I’m sure no one is going to turn to their significant other and say, “Look more like Emma Frost,” or “Beef up like Cable,” but these people are meant to be icons in a world where their stories are a vehicle for commentaries on the world. These characters are meant to be voices to the masses – whether it be to tell the story or to represent a message or value. Yet they are dwindled down to eye-candy or impracticality – arguably taking away any message the comics have. (And case-in-point with X-Men: To Serve and Protect #1).

But EVERYONE? Really?

Some comic characters are just fine with who they are. I mean, take a look at Dardevil below. He is in great shape for what he does, and it is not really exaggerated unless the artist wants to explode him with huge muscles. But traditionally, below is how everyone pictures Daredevil. Then there is Forge. He has never been considered a physically strong man and works primarily within sciences. As such, he has never been overly muscled for a male character.

ForgeDD

We can physically see a difference between the realistic views and the ridiculous ones. What I am trying to get at is that we as a society can recognize sex in ads and condemn them for being too racy. We like comics to be our voice over many issues, yet a lot of us sit back and get bombarded by hyper-sexualized characters within comic books and still may argue that it is fine.

It’s in real-life

For another case-in-point, let’s take another look at that cover with Emma Frost on it, followed by this ad from Jean Paul Gaultier apparently selling perfume. Is there really much difference between the two?

jpad      Frost

It is pretty crazy. Yet we’ll be the first to condemn that ad before we even think twice about the comic book, for the most part. And that’s just the comic cover.

But women aren’t the only gender sexualized in comics. (Given there’s only one other gender, I’ll leave it to you to guess who else is sexualized.)

ckad       Cap

And Captain America’s is someone to look up to. He is a hero by definition. Looking at the Calvin Klein ad, a “MAN” is defined as a parallel to how the model looks in the ad. The image is uncanny to Captain America, or even Superman.

Even as the years have progressed, what a “man” should look like has became more and more over-the-top. Let’s take a look at Michael Keaton in Batman from Tim Burton’s 1989 movie and compare it to Christian Bale’s Batman in The Dark Knight – Christopher Nolan’s 2008 epic. (You can click the pictures for a closer look on both.)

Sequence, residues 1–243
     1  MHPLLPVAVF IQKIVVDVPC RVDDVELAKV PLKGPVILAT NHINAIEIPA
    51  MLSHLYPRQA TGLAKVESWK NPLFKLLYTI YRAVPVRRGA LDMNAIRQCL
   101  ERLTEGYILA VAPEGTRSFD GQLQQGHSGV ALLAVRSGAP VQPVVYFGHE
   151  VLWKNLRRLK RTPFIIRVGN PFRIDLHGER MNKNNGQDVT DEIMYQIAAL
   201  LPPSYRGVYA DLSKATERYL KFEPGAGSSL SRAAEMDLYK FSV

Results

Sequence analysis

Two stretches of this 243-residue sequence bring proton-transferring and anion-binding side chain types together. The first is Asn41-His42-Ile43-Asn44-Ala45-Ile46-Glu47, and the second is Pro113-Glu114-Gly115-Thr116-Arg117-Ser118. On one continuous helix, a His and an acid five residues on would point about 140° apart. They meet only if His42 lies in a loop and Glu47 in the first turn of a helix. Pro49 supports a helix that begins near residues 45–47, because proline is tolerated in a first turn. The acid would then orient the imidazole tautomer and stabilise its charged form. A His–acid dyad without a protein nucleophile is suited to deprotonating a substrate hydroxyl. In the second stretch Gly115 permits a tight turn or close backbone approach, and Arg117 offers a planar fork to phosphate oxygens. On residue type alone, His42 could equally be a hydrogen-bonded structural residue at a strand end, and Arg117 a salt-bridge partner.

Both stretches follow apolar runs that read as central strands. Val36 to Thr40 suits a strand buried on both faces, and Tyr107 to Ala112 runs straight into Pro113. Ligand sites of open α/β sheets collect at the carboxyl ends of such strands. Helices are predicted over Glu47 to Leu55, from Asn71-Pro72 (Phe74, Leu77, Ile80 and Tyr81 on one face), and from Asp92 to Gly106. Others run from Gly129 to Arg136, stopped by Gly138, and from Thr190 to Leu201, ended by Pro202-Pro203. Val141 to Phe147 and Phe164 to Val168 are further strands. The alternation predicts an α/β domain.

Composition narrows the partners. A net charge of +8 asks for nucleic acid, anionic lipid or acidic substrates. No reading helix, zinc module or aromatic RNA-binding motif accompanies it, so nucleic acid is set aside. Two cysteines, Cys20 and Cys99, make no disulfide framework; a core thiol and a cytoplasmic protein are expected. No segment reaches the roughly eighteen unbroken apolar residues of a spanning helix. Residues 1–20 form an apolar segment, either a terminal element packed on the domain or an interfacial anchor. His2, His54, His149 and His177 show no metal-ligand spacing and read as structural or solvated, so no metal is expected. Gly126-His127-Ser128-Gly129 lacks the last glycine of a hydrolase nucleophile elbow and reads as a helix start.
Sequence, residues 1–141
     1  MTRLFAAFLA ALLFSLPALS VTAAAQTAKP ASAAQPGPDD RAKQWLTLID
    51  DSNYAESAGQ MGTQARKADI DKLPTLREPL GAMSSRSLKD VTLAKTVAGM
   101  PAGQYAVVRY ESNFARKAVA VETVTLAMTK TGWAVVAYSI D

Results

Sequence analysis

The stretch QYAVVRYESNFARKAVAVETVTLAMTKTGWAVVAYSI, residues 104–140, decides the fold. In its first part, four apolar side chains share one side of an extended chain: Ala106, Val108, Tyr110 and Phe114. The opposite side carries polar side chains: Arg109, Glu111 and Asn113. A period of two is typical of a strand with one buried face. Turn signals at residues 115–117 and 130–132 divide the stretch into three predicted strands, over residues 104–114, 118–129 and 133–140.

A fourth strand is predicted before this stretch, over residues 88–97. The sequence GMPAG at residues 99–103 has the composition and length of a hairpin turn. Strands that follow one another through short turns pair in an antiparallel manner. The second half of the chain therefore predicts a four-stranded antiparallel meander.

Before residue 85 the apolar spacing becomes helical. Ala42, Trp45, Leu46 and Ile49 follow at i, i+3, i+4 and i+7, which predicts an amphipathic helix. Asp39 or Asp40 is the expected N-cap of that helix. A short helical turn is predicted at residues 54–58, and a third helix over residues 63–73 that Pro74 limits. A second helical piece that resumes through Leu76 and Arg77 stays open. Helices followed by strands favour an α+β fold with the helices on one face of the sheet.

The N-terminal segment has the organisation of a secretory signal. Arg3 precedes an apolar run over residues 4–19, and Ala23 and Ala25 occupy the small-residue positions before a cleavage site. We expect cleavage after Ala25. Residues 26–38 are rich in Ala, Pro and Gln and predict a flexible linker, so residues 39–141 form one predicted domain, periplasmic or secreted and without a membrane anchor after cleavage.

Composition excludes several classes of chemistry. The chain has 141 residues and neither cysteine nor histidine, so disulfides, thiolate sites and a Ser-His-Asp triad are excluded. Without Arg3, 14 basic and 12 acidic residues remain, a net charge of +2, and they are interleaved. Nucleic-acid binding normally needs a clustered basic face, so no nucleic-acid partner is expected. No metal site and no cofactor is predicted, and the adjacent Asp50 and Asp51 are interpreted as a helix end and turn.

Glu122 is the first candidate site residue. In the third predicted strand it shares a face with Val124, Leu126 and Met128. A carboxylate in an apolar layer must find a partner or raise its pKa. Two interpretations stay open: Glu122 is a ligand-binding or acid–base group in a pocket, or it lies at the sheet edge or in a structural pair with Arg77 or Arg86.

keaton      Bale

Note how Keaton on the left is less-defined than Bale on the right. The muscle mass between the two costumes are both ridiculous, yet the Bale costume becomes more-than-necessary.

Nipples

And sure, perhaps you do not recognize the subtle differences between the characters. Perhaps you do not care whether or not you can see George Clooney’s Batman nipples. Maybe you even think that I am over-exaggerating this too much.

All I see is a problem though. People love being superheroes or villains. People look up to Spider-Man and Wonder Woman as icons who will save the day. And yes, readers of comics look at stories not solely for their comments on real-world events, but also for the entertainment. I’m sure the characters are drawn the way they are because it also sells. Sex sells, so comics can too.

But do they have to?

Unfortunate conclusions

Golgotha

I mean, we can have great stories without hyper-sexualized characters. I doubt X-Men would have a lesser fan-base if Emma Frost wore a parka for the entire run. Oh wait, she tried in X-Men #166 from 2005, and it totally defeats what I just suggested. She’s saying, “Chilly, isn’t it?” (It took me a long time to remember which issue this was in).

Do we need comics to be like this? No. Do we want comics like this? Some of us do, probably, yes.

But ultimately what do these characters serve the way they are? A hypocrisy in our thinking? Is it sexual deviancy? Is it a degradation of our society? Does it objectify people? Does sexuality make the characters more prominent? Does it matter what the superheroes are wearing?

Maybe all of the above or none of the above.

The fact is that it is still there. Where the world in comics is a parallel to our own real world, perhaps their physical perfection is simply a mimicry of our fallacies as a society.

Maybe their falseness is a contrast to our reality?

I also know I’m not alone in these feelings. Two blogs I read regularly will often times bring up the idiocy of comics when it comes to the portrayal of body image.